Chickadee #2: Chick-a-dee-dee-dee-dee-de.
Translation: Thanks. I’m outta here, but you’re cool. There’s only a great horned owl behind you.
Chickadee #3: Chick-a-DEE!-DEE!-DEE!-DEE!-DEE!-DEE!-DEE!-DEE!
Translation: Git off yer feathered little butts and git over here and help me chase this sharpie away!
I’m not extremely fluent in chickadee-ese, but according to Chris Templeton, a doctoral student in biology at the University of Washington, that’s the general idea. Templeton and co-authors published their findings in the journal Science earlier this year.
The researchers spent hours and hours working with a flock of black-capped chickadees in a raptor rehabilitation center. They recorded more than 5,000 “chick-a-dee” calls.
According to Templeton, the calls were highly variable. These variables included number of syllables, spacing of syllables, and the acoustic features of the syllables. The researchers believe that the variables in the call correlate directly to the degree of threat posed by a predator.
In the above scenario, the chickadee number one would be highly concerned over the presence of an accipiter such as a sharp-shinned hawk that regularly takes small songbirds. On the other hand, chickadee number two is not too concerned over a great-horned owl. While the great-horned owl is a much larger predator, it is not often a threat to chickadee-sized prey.
According to the study, small dangerous predators elicited about three-and-a-half more “dees,” with totals up to 23. While not so dangerous predators elicited only an extra half “dee.” The researchers also discovered that the more “dees” in an alarm cry the larger the number of chickadees that gathered and the closer they approached the attacker – in this case, a speaker.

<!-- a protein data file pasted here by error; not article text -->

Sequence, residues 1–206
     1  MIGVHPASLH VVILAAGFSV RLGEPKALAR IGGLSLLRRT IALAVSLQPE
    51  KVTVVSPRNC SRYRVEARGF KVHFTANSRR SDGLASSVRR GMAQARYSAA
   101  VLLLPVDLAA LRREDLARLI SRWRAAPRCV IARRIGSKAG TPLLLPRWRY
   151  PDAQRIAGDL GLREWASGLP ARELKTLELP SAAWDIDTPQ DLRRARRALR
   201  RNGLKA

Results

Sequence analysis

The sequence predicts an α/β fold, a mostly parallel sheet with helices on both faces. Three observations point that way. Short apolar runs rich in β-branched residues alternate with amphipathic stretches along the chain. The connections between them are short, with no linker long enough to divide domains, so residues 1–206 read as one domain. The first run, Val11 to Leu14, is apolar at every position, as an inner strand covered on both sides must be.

The chickadees showed a lot of discretion in their calls. Large predators that might have a penchant for songbirds got more “dees” than small predators that pose little threat. Templeton added other predators like cats and ferrets and even non-predators such as quail to the enclosure. The results seemed to point to the fact that more danger elicited more “dees.” And more “dees” garnered more support.
Researchers also believe chickadees keep an eye out for flying predators. The team noted that the birds emit a high-pitched “seet” call when raptors like hawks and owls were present flying overhead.
Similar research with other birds has produced the same kind of results. Studies with red-winged blackbirds show that the males call faster and with more intensity, the closer a predator approached its nest.
Black-capped chickadees are the northern cousins of our more common Carolina chickadee. Black-cappeds do make it down the Appalachians to our area but are generally found above 4,000 feet in elevation. They can sometimes be encountered along the Blue Ridge Parkway around Richland Balsam, Waterrock Knob and along Heintooga Spur Road.
The Carolina and black-capped chickadees are closely related and commonly hybridize where their ranges overlap. Around 20 different vocalizations have been recorded for both species and researchers note that there appear to be homologies between typical calls of both species. It is likely that the “dee” calls of Carolina chickadees vary in the same way as the black-capped.
Studies with chickadees show that calls are used for more than just alarms. In the Canadian Journal of Zoology, Christopher Sturdy calls the chickadee vocalizations an avian language. According to Sturdy, call notes are analogous to phonemes – the smallest component of human words. Sturdy believes a chickadee call is similar to a human word and a string of calls is analogous to a human sentence.
The next time you’re in the field and hear a flock of chickadees calling, beware; they may be talking about you.